Pennsylvania Field Office News
Pennsylvania's Indiana Bat Conservation Fund protects important habitat
Healthy Indiana bats
Credit: Ann Froschauer/USFWS
June 4, 2014: Since 2012, 1,325 acres of Indiana bat habitat have been conserved using funds from the Indiana Bat Conservation Fund (IBCF). Through the fund, Pennsylvania Game Commission (PGC) has purchased 113 acres of swarming habitat in Fayette County in October 2012 using $127,000 from IBCF, and 1,212 acres of swarming and foraging habitat in Blair County in June 2013 using $2,308,000 from IBCF. In August 2014, PGC plans to acquire an additional 642 acres in Blair County with about $1,149,839 from the IBCF, bringing total conserved lands to 1,967 acres.
The IBCF was established to fund the conservation and recovery of the endangered bat, while minimizing the direct, indirect, and cumulative adverse effects that can occur as a result of development and other activities. In most cases, contributions to the IBCF will be from project proponents and permit applicants as compensation for activities that may adversely affect Indiana bats or their habitat. These funds are used solely for real property acquisition and permanent Indiana bat habitat protection, although these lands are available for compatible public recreational use, such as hiking, hunting, bird watching. Additionally, other entities that want to further the conservation and recovery of the Indiana bat may donate funds to the IBCF for the purpose of permanently protecting Indiana bat habitat.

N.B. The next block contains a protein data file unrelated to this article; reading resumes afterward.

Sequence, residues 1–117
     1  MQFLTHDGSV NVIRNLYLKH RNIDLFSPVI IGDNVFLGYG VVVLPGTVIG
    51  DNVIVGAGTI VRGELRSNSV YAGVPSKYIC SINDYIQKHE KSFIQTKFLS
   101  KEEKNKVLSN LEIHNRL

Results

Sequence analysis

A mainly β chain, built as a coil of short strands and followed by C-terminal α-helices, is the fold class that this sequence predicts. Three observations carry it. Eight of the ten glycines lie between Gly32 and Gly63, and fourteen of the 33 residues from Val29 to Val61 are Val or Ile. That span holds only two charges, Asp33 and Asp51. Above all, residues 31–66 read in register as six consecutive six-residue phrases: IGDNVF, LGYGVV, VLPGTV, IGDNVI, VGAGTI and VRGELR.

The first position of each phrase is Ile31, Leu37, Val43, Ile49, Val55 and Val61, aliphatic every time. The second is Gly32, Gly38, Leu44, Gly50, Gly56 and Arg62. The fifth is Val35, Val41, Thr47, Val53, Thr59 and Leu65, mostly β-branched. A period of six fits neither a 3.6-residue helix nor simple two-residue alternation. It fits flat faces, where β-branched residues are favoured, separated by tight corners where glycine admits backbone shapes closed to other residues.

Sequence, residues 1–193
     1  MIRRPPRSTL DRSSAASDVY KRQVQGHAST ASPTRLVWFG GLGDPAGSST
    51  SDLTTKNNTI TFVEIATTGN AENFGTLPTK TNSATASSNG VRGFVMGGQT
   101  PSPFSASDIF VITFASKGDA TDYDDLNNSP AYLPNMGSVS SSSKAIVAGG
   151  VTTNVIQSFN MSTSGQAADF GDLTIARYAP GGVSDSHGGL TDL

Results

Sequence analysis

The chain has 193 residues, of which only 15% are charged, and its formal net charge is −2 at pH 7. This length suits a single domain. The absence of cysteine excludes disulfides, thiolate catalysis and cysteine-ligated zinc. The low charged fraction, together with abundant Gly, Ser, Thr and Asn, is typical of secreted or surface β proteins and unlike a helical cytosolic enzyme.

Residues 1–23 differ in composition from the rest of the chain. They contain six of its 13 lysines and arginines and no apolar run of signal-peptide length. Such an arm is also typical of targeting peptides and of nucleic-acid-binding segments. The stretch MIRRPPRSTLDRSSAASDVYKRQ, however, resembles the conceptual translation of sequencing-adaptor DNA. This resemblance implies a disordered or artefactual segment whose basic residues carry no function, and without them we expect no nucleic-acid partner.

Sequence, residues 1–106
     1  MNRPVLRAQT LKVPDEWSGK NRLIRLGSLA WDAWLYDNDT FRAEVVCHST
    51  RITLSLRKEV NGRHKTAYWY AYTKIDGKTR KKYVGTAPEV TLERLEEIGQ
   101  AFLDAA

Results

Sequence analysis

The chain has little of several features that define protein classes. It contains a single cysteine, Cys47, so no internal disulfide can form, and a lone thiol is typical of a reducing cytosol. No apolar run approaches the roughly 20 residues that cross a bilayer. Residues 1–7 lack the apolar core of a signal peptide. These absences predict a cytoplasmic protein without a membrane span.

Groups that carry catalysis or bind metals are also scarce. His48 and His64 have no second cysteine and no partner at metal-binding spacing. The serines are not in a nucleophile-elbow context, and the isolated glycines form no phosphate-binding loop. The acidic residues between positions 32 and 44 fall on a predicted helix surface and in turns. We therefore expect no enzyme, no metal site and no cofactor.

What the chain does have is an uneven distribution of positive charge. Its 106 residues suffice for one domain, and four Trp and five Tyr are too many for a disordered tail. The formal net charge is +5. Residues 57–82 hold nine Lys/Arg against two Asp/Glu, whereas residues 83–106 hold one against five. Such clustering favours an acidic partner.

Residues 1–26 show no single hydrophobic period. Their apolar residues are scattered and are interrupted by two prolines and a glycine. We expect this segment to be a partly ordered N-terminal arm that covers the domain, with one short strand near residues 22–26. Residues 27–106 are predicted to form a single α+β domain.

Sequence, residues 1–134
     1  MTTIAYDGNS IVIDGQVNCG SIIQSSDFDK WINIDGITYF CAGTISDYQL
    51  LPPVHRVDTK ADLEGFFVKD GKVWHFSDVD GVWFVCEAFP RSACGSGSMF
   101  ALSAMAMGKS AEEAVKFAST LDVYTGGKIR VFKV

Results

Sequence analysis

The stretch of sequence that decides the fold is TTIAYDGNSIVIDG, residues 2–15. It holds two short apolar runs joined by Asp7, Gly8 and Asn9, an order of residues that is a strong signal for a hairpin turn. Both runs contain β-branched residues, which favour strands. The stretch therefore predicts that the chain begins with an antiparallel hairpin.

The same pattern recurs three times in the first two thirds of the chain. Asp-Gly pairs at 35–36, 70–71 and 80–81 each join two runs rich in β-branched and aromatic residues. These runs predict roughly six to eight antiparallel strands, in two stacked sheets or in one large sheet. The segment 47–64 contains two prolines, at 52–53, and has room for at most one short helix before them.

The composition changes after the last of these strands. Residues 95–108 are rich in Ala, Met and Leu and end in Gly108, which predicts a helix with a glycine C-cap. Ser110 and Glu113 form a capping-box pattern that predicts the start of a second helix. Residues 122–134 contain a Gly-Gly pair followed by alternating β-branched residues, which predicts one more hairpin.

The IBCF is administered by the PGC, who, in partnership with the Service, purchase or acquire real property interests to be retained and managed in perpetuity for the benefit of the Indiana bat consistent with the purposes of the Endangered Species Act.
Service reopens comment period on proposed critical habitat designation for rabbitsfoot mussel
A rabbitsfoot mussel
Credit: Bob Butlet/USFWS
May 14, 2014: The U.S. Fish and Wildlife Service has reopened the public comment period for 60 days through July 14 on the proposed designation of critical habitat for the rabbitsfoot freshwater mussel under the Endangered Species Act. The species was listed in September 2013, and in 2012, the Service identified just over 120 river miles in Crawford, Erie, Mercer and Venango counties in Pennsylvania as essential to the conservation of the rabbitsfoot mussel. The draft economic analysis shows that across 12 states, administrative costs to federal and state agencies could be $4.4 to $5.9 million over a span of 20 years; some of that cost may be incurred by local governments and businesses. The designation of critical habitat will help ensure that federal agencies and the public are aware of the mussels' habitat needs and proper consultation is conducted by federal agencies when required by law. A critical habitat designation does not set up a preserve or refuge and only applies to situations where federal funding or a federal permit is involved.